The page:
Francis Bacon and George Smiley

                                   Bill Brandt, Francis Bacon, Primrose Hill, 1963

Francis Bacon didn’t like this portrait of him by Bill Brandt. I can’t think why, it’s one of the Brandt’s best and he was a very good editorial portraitist. It does capture some of the bleakness of Bacon’s painting style.

The photograph was taken on Primrose Hill in London, apparently on a wintry day, with Brandt’s harsh tonality making it look like a charcoal drawing. The location can be found on Google Street View – this screenshot shows where the two greats stood to make the picture. Isn’t it odd that the cloud formation is so similar?

Fifteen years later, another notable artist was captured in the same spot, but this time it was an actor. In the television series Tinker, Tailor, Soldier, Spy, from the book by John Le Carré, the great English actor Alec Guiness was filmed in a scene with the actor Terence Rigby. They are both senior spies discussing the political intrigues of the ‘circus,’ their nickname for the MI6 branch at Cambridge Circus in Central London.


HA Money

                   Vienna, Virginia, circa 1920. “H.A. Money.” The undertaker Howard A. Money (1859-1931). National Photo Company Collection glass negative.

This strange photograph appeared on the vintage photo website, always an entertaining way to waste some time. It records a Virginian undertaker in the early 20th century. 

The frontal and symmetric composition has all the grace of a passport photo and it’s something you instinctively avoid in portraits as it looks gauche. The subject is dumped in the centre of the frame and stares back dumbly with no protective cover. It’s a style without rhetoric – there’s no posing from the sitter and no artistic flourish from the photographer.

Still, it has the advantage of a certain honesty. The subject is unguarded and  more open, and the transaction with the photographer is more straightforward – just capture the likeness.

August Sander, the most august of all portrait photographers, occasionally employed this frontal pose, notably in the two examples below.

                                         August Sander, The painter Anton Räderscheidt, Cologne, 1927

                                         August Sander, Soldier, 1940

Behind the Gare Saint Lazare in 2016

                                                Henri Cartier-Bresson, Behind the Gare Saint Lazare, 1932

In late 2016 I made a pilgrimage to the Gare St Lazare, the Paris train station where Henri Cartier-Bresson made his fateful snap in 1932.

This was the first photograph that hit me with the potential of photography, that “light bulb moment”. Seeing it as a teenager at the old National Gallery of Victoria I thought to myself “Oh, so you can do this with photography.”

              About where that man is walking, 24 year old Henri held his camera up against the fence and pressed the shutter just as an unknown man leapt across the puddle. It is a trivial moment captured for ever, with all the elements caught in a perfect equilibrium. 

Ross Coulter at the NGV

Ross Coulter’s Audience is an installation of 400 black & white prints mounted in an orderly grid around the walls of the NGV’s small photography gallery. It’s part of the Festival of Photography. The arrangement makes you smile as you enter, it’s implausibly busy and abundant, until you realise the photographs all show one thing. Each 10×8 (darkroom) print shows visitors standing around in galleries, apparently staring at off-screen artworks. It’s really one subject multiplied four hundred times, although the artist shot in over seventy galleries.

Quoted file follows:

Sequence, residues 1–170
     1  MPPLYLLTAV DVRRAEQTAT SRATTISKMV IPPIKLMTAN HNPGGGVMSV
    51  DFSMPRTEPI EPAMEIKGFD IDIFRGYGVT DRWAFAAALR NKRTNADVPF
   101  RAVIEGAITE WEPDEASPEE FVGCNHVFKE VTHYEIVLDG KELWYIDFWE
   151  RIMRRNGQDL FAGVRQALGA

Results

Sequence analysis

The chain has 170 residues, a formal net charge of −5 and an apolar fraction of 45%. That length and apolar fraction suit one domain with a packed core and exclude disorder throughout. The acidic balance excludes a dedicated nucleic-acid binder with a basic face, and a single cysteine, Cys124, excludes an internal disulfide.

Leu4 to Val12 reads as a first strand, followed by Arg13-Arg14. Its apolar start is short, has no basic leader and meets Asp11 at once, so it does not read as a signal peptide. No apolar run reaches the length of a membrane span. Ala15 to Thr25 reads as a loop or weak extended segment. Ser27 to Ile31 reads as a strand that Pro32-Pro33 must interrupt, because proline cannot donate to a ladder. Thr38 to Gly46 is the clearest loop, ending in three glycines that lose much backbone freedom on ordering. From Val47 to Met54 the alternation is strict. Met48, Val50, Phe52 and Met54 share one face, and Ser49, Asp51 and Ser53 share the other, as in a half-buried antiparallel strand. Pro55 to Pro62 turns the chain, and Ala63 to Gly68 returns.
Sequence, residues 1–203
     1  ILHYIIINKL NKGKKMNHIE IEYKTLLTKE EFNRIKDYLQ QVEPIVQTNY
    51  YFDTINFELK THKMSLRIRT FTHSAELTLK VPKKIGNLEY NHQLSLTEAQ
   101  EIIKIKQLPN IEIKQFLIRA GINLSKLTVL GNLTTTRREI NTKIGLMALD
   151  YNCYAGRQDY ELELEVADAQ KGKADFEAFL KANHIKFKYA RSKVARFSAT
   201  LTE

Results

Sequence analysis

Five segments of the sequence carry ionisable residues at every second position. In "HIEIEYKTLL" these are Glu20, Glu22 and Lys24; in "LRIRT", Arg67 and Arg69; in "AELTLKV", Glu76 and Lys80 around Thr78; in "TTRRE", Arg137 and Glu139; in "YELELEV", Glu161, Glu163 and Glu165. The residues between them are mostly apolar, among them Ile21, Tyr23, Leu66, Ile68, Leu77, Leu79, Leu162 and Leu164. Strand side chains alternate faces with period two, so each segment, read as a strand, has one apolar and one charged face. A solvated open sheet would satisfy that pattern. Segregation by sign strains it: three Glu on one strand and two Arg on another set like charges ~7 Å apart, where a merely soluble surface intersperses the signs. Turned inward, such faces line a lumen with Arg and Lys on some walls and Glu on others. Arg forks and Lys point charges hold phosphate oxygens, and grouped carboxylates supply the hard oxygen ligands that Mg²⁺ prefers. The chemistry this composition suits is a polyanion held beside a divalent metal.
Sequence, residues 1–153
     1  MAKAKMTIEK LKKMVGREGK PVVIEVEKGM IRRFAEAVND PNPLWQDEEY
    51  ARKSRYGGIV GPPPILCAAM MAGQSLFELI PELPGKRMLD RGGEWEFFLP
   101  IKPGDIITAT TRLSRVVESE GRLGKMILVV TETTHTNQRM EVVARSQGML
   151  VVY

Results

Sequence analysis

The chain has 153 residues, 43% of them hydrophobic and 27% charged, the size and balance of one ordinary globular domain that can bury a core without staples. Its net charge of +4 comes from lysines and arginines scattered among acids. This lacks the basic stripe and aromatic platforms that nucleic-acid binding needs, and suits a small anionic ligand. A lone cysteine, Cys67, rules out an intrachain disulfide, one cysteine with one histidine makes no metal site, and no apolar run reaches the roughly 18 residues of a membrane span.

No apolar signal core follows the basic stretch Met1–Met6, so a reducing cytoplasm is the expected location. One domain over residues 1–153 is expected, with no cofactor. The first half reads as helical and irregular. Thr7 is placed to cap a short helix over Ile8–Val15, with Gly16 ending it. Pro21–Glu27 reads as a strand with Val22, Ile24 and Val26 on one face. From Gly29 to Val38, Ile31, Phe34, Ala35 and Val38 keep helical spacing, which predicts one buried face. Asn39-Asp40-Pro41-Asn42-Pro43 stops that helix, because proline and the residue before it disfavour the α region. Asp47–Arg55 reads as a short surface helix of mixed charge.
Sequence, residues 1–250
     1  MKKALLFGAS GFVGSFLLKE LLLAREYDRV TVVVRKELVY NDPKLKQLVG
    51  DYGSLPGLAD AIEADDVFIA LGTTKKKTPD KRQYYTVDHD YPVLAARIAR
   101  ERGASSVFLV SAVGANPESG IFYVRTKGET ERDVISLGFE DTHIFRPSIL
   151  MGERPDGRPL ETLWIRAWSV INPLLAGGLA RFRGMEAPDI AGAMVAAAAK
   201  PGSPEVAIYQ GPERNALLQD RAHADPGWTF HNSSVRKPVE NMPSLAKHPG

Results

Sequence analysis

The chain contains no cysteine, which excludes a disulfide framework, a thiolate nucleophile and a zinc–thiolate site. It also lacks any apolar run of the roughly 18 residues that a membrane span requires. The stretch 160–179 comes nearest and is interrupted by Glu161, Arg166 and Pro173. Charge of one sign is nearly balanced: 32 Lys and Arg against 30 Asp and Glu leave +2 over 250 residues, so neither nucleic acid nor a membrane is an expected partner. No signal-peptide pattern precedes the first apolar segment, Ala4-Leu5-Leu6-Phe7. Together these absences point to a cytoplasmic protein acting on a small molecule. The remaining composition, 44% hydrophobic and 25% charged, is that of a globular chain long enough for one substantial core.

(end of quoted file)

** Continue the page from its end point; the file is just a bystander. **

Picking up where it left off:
Your own stance while looking at the prints mirrors the content of the photos, so there’s not much to see. The figures in the photos are standing around like you are, but the ‘joke’ is that the visitors in the prints are looking at nothing, they are staring at absent performance art that Coulter has asked them to imagine. They are in empty galleries.

Observing the visitors to the NGV itself, you can see the confusion and disappointment, there is not much to reward their attention, since the photos are echoes of themselves. They read the wall label then go back to try some more. All they see are people just like them, doing no more than they are. It’s a curious hall of mirrors.

A review of Justin Art House Museum

I’ve been mentioned in a review of the exhibition Digital: The World of Alternative Realities. This is at the new Justin Art House Museum in Prahran,

The review is in Artlink magazine, which covers contemporary art and ideas from the Asia-Pacific. Click here to read the full article, written by Emily Cormack. Here’s the part where my work is mentioned:

Greg Neville in his work GoooOg (2012) uses satellite images sourced from Google Earth and reconfigured as mirrored, symmetrical compositions. These configurations treat the terrain as raw material, offering a new order completely unrelated to the towns and cities represented in the sourced images. 

In both Neville and Haley’s works the terrain depicted is irrelevant, the material reality of the stock or Google Earth image is discarded in favour of the artist’s creative schema. This is not appropriation, it is more like Baudrillard’s retelling of Borge’s fable of the cartographers who drew up a map so detailed that it covered the land represented so that the “territory no longer precedes the map.


I’m at the Justin Art House Museum


The Justin Art House Museum is opening tonight with this exhibition, Digital: the World of Alternative Realities. I’m one of the artists in this exhibition of contemporary digital art from the collection of Leah and Charles Justin. The galleries where the collection is on display share space in their extraordinary Prahran home. The museum is open to the public on Sundays and Wednesdays, click here for details.